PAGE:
Medical Marijuana Use Uncertain Despite Referenda
By Sunny Kaplan, Staff Writer
WASHINGTON - Nearly one person in five in this country lives in a state that exempts patients who use marijuana under a physician's supervision from prosecution for illegal drug use. In last November's elections, voters approved referenda authorizing medical marijuana use in Alaska, Nevada, Oregon and Washington. Arizona voters reaffirmed an initiative passed two years ago and rejected a legislative requirement banning physicians from prescribing the substance until it receives Food and Drug Administration approval.
All of these states followed the lead of California, which passed the first medical marijuana initiative. But advocates say residents of these states should think again if they believe their state's law assures access to pot for therapeutic reasons. The White House Office of Drug Control Policy says federal authorities will not sanction it until scientific evidence shows that medical benefits outweigh risks.
"These laws are on the books, but the simple fact of the matter is that these laws are not used. Physicians are afraid to prescribe marijuana," said Jacob Herstek, a policy associate with the Health Policy Tracking Service of the National Conference of State Legislatures.
Marijuana is still categorized by the federal government as a Schedule I drug, along with LSD, heroin and PCP. Federal authorities have not approved it for any medical use, and it is against federal law for physicians to prescribe it. The White House Office of National Drug Control Policy, directed by retired Army general Barry McCaffrey, sent a clear message to the five Western states that passed initiatives in November: "The results of these referenda in no way alter the status of marijuana under federal law."
McCaffrey's office said the U.S. "medical-scientific" process has not closed the door on medical use of marijuana, but it should not be approved until "scientific evidence is sufficient to demonstrate that the benefits of a substance outweigh associated risks."
That evidence might or might not be forthcoming later this month, when the National Institute of Medicine, an arm of the National Academy of Science, is set to release a study reviewing the scientific research that has been done on medical marijuana's effectiveness.
The medical marijuana ballot drives in every state were funded by New York financier George Soros, Cleveland insurance executive Peter B. Lewis and Phoenix entrepreneur John Sperling.
Their intention was to tell the White House that the "war on drugs" is being abused, according to Dave Fratello, a spokesman for Americans for Medical Rights, a political action group that coordinated the ballot drives in every state but Arizona.
Fratello said that Soros, Lewis and Sperling differ about a national marijuana policy. Lewis is "flat-out in favor of legalizing" it and Sperling of Phoenix favors medicalizing all "Schedule I" drugs, which the Arizona initiative accomplished. Soros is against legalizing marijuana.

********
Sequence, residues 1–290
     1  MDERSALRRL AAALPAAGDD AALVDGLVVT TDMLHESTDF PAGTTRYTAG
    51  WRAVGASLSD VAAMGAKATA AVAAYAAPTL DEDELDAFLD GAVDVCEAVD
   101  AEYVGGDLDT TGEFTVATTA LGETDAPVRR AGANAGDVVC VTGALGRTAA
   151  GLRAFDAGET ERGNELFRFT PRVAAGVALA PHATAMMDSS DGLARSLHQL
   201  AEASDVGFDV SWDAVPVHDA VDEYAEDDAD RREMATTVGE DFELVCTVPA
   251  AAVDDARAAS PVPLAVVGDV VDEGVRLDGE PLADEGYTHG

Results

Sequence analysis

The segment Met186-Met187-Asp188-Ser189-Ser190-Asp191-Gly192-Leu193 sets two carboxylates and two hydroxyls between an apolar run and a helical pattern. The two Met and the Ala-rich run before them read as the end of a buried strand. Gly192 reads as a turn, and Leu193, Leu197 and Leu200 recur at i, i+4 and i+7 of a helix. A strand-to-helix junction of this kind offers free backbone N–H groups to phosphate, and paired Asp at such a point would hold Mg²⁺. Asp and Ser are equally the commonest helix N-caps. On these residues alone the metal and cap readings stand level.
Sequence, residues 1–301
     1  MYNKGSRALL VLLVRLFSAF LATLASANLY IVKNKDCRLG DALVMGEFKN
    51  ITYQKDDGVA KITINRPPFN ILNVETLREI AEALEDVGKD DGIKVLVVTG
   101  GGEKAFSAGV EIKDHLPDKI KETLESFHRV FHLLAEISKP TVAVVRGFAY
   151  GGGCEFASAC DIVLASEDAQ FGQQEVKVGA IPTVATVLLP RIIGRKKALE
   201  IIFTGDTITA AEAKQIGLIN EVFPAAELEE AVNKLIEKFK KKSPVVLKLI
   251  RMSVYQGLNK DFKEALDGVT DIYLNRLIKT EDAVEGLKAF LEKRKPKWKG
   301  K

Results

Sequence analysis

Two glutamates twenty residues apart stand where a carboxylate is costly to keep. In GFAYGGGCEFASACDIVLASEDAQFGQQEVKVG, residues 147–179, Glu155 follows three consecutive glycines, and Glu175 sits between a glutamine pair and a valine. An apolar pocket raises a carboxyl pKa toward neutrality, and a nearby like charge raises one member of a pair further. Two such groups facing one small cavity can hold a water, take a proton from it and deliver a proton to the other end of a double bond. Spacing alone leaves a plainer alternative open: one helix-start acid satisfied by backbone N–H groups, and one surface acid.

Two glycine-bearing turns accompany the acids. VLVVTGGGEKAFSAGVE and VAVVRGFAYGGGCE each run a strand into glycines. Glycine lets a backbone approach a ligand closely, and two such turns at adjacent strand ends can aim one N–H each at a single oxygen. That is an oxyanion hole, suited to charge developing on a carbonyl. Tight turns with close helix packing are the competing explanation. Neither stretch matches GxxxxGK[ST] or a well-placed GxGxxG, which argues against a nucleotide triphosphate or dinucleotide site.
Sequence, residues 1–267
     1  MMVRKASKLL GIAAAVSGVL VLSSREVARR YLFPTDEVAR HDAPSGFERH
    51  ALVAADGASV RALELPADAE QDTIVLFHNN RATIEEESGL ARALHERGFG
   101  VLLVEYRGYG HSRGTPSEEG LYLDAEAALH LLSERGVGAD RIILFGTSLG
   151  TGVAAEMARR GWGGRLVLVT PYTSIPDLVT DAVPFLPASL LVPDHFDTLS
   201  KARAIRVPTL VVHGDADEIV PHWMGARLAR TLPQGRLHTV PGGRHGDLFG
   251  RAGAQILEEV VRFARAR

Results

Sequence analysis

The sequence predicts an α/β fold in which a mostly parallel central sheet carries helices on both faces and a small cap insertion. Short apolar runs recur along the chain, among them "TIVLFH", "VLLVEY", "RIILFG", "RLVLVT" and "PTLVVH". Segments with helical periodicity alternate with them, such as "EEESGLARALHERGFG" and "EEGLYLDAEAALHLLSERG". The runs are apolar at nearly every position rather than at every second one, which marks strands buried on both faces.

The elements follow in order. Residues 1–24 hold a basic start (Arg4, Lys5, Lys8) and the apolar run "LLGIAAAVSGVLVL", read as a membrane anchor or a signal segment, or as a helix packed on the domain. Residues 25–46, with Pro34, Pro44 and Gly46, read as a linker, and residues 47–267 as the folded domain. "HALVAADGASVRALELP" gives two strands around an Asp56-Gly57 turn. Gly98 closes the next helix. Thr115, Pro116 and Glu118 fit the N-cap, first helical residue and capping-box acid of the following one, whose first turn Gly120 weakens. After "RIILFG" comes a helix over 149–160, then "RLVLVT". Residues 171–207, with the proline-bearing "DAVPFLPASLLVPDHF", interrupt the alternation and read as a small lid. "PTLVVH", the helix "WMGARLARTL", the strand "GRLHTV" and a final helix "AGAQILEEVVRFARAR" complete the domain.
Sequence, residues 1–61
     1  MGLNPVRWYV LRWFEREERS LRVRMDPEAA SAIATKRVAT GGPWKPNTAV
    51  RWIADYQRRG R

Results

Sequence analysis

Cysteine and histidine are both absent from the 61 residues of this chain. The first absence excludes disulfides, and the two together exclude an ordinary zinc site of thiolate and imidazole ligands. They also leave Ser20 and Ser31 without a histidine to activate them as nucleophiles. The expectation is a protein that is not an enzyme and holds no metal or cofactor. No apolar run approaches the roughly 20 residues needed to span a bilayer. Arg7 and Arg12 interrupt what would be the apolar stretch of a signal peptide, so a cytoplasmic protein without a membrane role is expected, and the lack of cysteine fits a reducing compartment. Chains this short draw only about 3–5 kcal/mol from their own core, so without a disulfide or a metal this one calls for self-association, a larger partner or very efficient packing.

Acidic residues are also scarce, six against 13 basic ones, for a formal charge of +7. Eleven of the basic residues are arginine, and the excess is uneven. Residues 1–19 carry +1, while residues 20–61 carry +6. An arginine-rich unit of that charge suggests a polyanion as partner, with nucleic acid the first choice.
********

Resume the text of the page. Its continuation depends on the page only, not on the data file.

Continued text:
Advocates say marijuana use can help AIDS, cancer, multiple sclerosis and glaucoma patients by mitigating such symptoms as loss of appetite, chemotherapy-induced nausea, chronic muscle pain and internal eye pressure.
"To get to the point of having a legal supply, there is still a big hill to climb," Fratello said. "The first step we had to take is to take away the criminality of it."
In states where an initiative has passed, a patient who has a doctor's oral or written recommendation (depending on the wording of the state's initiative) can buy marijuana on the black market or grow it at home. While there is still a chance that they could be arrested for possession of the drug, advocates say their doctor's recommendation would provide a legal defense.
"If voters think they are voting for medical marijuana, and that in a reasonable time after the election, a bonafide medical patient can benefit from the drug then they are wrong. These people don't have access to it in this country," said Allen St. Pierre, executive director of the National Organization for the Reform of Marijuana Laws Foundation (NORML).
Fratello said at least three states will have medical marijuana ballot initiatives in the next two years: Maine, Nevada and Colorado. Maine, one of the few states that permits an off-year initiative, will have a medical initiative on the ballot this year. Although Nevada voters approved the use of medical marijuana in 1998, the use of it depends on a second "yes" vote in 2000.
On the federal level, Massachusetts Democratic Rep. Barney Frank will submit a bill in early March that would reschedule marijuana from Schedule I to Schedule II, and set aside federal restrictions which currently interfere with an individual state's decision to permit the medical use of marijuana.
"With the Republicans in charge there is not a chance that it will pass," said NORML's St. Pierre.